Thanks_0001.jpgIn the spring of 2009, a student at UNC, Charlie McGeehan, worked day and night to set up our first oral history digital system in the office of the newly established Marian Cheek Jackson Center for Saving and Making History—a long name for a small enterprise tucked into the upstairs back room of St. Joseph C.M.E. on West Rosemary in Chapel Hill.  The following fall, I found myself standing in the hallway outside with Reverend Troy F. Harrison, Brother Robert Revels, Hudson Vaughan, and Rob Stephens dumbstruck and aggrieved by the theft of a hard drive holding all of our interviews to date (these were ultimately recovered).  Thanks always to Troy for creating and holding that space, to Robert for ennobling it, and to Hudson and Rob for bridging it with faithful determination.  This site—and the promise it holds for generations to come—would not have been possible without their friendship and example.

Standing there, we felt more than ever the privilege and power of listening to oral histories.  By 2010, relationships forged in the listening process had spun out into alliances that preceded and exceeded the Jackson Center.  In 2008, students brought down the house with a new community collaborative, United with the Northside Community Now or UNC NOW, and hundreds of neighbors joined together to form the Sustaining OurSelves (S.O.S.) Coalition that, in 2011, managed to push through a temporary moratorium on development in Northside only hours before such moratoria were banned across North Carolina.   Thank you to all of the community, municipal, and university leaders who came together to show how powerful it can be to organize from the heart of oral history—from the binding relationship between a dedicated teller and a responsive listener.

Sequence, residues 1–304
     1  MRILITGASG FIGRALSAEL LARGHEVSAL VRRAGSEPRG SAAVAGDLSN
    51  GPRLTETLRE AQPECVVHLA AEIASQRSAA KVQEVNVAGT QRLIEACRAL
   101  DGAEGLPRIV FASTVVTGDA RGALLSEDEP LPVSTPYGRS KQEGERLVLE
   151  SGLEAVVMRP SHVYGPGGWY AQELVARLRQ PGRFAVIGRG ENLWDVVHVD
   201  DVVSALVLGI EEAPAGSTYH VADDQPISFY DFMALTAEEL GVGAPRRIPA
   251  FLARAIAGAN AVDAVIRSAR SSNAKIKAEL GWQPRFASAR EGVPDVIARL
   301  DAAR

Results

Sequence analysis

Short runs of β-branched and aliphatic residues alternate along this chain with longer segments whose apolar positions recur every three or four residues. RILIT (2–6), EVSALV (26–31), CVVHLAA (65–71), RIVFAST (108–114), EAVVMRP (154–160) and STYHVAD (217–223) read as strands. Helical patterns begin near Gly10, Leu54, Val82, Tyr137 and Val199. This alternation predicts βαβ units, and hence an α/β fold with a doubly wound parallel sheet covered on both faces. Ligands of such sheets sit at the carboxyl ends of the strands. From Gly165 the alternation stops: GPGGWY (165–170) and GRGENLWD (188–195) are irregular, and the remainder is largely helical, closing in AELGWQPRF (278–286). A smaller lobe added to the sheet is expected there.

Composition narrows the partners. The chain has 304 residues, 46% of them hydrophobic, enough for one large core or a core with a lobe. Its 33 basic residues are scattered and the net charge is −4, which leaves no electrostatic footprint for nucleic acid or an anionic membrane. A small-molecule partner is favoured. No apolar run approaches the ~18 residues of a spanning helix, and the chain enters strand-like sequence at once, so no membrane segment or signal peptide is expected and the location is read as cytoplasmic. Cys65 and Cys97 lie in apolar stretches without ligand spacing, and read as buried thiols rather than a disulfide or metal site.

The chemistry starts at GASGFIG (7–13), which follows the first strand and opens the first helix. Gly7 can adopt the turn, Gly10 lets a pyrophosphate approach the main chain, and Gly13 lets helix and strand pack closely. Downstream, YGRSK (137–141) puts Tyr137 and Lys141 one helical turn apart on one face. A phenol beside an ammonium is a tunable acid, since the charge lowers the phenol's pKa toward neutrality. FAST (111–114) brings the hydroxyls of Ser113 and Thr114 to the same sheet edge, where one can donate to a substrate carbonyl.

Many more friends and colleagues have witnessed to the substance of histories told “from the rock wall” in creative interventions ranging from audio-documentary to spoken word performances and interactive, multi-modal exhibits.  Their vision has nourished and sustained our own.  Thank you to Leslie Gordon, Monica Palmeira, Meredith Robbins, Lauren Shor, Kane Smego, Alexander Stephens, C.J. Suitt, among so many others who lifted up our imaginations about how the world might look, sound, and taste.  

Thank you to Elizabeth McCain for listening to a Morris Grove teacher bemoan the lack of Black history in her social studies textbook and launching the MCJC education initiative in close collaboration with Chapel Hill/Carrboro school partners.  Thanks to Jasmine Farmer, Rachel Glasser, Brentton Harrison, Megan Stanley, Andrea Wuerth, Yvonne Cleveland, and Aisha Booze-Hall for carrying that baton into what is now the vibrant Learning Across Generations k-12 curriculum of oral and local history workshops, freedom tours, digital course plans, and all-school assemblies.